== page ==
NEA may do job compensation study

January 05, 2000|By BRUCE HAMILTON

After spending $35,000 on a job compensation study, the Washington County Board of Education might now commission a free study proposed a year ago.

The School Board put out a bid for a reclassification study of its 935 education support personnel workers in 1998. The National Education Association responded Jan. 26, 1999, with an offer to do the job for free.

The board chose a Washington consulting firm instead, commissioning a study in March from Hendrickson & Associates Inc. for $35,000. Charles Hendrickson delivered his final report Nov. 22.

Upon reading it, union representatives said the study was little more than a copy of other reports the firm wrote for other clients. Contacted last month, Hendrickson declined to comment.


Bonnie Parks, president of Educational Support Personnel Local No. 1, detailed her criticisms of the study to the board during a work session Tuesday. The NEA study was the union's first choice and would offer greater equity, she said.

The Hendrickson proposal would mostly benefit men and those who don't work with children, according to Parks.

"For those who are most directly responsible for the success of children, this study does virtually nothing," she said.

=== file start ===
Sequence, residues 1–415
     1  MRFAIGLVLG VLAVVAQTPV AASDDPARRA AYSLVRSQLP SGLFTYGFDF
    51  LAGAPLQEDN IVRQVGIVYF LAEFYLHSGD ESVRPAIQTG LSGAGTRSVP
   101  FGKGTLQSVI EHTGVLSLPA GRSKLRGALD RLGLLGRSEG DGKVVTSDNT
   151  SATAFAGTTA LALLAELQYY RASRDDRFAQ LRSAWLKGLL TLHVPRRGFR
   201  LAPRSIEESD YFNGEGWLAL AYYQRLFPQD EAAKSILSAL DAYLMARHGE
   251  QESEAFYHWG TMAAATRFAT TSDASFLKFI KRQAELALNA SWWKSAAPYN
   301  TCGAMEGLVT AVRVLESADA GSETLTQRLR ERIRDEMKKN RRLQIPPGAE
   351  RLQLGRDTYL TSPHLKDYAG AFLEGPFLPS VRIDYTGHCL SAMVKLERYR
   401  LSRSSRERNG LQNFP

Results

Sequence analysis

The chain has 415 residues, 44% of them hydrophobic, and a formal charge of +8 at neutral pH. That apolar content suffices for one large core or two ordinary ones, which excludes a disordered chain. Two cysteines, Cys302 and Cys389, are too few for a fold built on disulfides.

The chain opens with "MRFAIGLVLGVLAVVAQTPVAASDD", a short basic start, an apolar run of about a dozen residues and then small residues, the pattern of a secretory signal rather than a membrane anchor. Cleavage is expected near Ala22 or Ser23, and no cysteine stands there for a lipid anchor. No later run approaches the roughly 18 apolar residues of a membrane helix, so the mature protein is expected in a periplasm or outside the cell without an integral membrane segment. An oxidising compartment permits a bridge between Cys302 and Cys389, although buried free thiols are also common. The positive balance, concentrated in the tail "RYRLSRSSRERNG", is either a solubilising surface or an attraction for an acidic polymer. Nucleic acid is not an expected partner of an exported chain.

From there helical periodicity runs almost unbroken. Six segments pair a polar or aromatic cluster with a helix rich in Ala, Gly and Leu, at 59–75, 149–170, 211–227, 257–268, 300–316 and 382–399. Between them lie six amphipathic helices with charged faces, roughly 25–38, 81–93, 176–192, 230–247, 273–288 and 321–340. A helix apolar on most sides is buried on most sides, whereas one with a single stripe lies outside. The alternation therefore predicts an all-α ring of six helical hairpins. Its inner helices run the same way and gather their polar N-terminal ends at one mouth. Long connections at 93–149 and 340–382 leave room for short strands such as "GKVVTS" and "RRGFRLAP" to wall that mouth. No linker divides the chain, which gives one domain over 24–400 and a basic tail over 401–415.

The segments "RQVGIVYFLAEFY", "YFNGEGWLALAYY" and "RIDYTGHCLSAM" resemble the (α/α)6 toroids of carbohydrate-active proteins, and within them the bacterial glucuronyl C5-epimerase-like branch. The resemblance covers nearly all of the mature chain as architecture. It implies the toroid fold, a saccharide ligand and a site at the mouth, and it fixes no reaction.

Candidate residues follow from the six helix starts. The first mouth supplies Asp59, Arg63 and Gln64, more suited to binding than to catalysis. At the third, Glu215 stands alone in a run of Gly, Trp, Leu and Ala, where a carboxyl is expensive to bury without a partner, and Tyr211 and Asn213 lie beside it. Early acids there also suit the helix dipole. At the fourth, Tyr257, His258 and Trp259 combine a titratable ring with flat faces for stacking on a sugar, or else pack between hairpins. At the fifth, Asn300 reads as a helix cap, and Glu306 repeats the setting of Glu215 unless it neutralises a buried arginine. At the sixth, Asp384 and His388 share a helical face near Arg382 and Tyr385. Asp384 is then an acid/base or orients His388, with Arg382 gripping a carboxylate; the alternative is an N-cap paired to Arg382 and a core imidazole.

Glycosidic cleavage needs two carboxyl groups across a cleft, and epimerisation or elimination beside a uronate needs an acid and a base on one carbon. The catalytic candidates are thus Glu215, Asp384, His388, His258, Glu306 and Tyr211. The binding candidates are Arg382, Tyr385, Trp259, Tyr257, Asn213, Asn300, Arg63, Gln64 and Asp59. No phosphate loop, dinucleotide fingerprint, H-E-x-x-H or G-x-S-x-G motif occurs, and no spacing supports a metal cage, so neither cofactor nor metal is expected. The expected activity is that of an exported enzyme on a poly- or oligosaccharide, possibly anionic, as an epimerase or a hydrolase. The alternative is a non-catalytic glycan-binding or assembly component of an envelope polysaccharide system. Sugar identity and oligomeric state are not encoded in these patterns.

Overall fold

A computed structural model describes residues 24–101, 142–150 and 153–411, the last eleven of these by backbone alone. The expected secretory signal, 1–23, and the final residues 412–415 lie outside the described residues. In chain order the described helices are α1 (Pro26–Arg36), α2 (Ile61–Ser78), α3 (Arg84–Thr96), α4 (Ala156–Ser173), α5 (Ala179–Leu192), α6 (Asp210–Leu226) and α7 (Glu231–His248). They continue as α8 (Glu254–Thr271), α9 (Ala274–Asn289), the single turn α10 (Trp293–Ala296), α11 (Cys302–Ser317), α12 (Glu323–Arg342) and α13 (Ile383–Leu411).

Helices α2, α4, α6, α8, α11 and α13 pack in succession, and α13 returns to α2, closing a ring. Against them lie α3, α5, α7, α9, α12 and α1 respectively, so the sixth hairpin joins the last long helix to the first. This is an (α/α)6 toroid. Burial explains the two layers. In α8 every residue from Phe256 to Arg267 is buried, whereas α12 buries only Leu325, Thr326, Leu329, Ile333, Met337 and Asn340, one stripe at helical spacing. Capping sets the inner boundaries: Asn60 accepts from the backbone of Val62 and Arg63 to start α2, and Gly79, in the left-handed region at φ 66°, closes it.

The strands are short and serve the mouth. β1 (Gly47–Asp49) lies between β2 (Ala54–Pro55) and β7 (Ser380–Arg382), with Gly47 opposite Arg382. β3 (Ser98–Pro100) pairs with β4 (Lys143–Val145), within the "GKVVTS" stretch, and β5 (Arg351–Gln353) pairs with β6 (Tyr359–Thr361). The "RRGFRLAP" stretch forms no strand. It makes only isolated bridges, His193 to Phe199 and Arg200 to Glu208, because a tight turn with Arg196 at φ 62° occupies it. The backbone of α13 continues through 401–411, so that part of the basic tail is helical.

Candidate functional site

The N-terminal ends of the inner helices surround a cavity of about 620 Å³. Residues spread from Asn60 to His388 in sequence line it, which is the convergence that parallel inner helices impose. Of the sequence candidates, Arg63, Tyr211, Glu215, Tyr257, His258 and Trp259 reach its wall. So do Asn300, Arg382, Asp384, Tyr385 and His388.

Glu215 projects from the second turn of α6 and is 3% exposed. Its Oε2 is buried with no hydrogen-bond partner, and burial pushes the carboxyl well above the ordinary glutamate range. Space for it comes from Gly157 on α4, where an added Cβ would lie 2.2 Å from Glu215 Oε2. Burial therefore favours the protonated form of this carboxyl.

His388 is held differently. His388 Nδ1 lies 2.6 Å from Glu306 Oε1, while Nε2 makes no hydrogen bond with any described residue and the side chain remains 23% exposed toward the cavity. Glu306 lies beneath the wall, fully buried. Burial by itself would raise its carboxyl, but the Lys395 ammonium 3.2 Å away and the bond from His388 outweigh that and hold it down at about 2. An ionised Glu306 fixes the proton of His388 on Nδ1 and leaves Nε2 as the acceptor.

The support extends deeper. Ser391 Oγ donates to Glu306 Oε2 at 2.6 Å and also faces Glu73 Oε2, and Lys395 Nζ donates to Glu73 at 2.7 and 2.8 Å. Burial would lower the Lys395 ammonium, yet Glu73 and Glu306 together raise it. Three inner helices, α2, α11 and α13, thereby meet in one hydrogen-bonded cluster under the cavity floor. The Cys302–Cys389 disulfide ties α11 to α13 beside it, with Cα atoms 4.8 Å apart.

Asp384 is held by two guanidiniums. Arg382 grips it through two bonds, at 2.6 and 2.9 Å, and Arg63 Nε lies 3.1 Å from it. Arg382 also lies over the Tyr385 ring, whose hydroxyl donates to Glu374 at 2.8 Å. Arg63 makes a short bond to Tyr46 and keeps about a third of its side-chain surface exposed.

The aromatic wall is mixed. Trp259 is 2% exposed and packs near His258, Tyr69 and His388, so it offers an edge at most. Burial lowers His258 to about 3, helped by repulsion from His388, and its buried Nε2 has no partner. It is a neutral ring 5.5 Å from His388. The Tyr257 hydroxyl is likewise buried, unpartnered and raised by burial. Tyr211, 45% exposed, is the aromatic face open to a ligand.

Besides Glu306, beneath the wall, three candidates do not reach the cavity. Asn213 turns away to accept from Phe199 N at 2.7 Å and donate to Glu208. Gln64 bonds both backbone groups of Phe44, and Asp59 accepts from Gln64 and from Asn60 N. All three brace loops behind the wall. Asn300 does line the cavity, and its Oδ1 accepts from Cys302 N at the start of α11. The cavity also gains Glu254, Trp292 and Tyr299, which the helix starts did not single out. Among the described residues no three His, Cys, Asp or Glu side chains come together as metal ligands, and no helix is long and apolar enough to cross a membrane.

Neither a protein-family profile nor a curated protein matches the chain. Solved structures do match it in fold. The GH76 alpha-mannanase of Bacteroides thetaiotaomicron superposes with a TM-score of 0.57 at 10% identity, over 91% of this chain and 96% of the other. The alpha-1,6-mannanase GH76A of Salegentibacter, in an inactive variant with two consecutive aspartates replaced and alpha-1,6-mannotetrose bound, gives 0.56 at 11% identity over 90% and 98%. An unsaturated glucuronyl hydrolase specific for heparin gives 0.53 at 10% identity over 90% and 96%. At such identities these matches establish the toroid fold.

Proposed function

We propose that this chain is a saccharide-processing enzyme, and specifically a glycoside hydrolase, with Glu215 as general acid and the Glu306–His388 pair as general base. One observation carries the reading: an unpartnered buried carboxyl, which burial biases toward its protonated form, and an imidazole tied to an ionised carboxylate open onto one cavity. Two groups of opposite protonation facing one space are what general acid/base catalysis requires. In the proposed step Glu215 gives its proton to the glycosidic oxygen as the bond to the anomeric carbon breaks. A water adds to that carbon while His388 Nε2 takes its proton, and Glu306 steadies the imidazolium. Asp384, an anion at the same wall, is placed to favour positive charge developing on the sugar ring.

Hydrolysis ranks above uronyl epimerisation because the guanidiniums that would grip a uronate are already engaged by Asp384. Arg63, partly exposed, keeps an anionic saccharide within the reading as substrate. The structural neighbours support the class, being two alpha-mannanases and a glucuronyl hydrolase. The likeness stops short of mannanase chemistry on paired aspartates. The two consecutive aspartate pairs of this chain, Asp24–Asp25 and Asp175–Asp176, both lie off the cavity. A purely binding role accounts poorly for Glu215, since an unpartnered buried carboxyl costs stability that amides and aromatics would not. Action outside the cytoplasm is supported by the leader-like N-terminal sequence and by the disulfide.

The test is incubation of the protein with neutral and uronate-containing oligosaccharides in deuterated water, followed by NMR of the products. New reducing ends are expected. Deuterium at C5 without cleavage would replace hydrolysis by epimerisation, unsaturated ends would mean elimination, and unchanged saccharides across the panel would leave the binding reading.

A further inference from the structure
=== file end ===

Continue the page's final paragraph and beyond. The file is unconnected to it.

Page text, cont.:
It is flawed because it compares the school system to private enterprise, according to Parks. School workers' compensation should be "head and shoulders above local industry," she said.

School-based staff advancement in the proposal is in name only, according to Parks. It would give a total of $45,000 in raises to 4.1 percent of the union's employees, excluding workers such as custodians, bus drivers, food service workers and clerks.

The study was supposed to take three months and the firm began work in April 1999, she said.

It's been nine months and the board and union have not received new job descriptions.

"We have never been contacted," she said. The bid suggested union representatives would be updated in a newsletter. "That didn't happen," she said. "We felt we couldn't raise questions because we received no information along the way."

The union found other reports the firm wrote that Parks called nearly identical.

Parks said the entire package was designed as a cost-saving mechanism. "Once again, it's going to be borne on the backs of the support personnel," she said.

She asked the School Board to get an NEA study for comparison.

"I think these are valid concerns they've brought to us," said School Board member Doris J. Nipps.

Members B. Marie Byers and Herbert Hardin said they favor hearing the NEA's presentation and others agreed.

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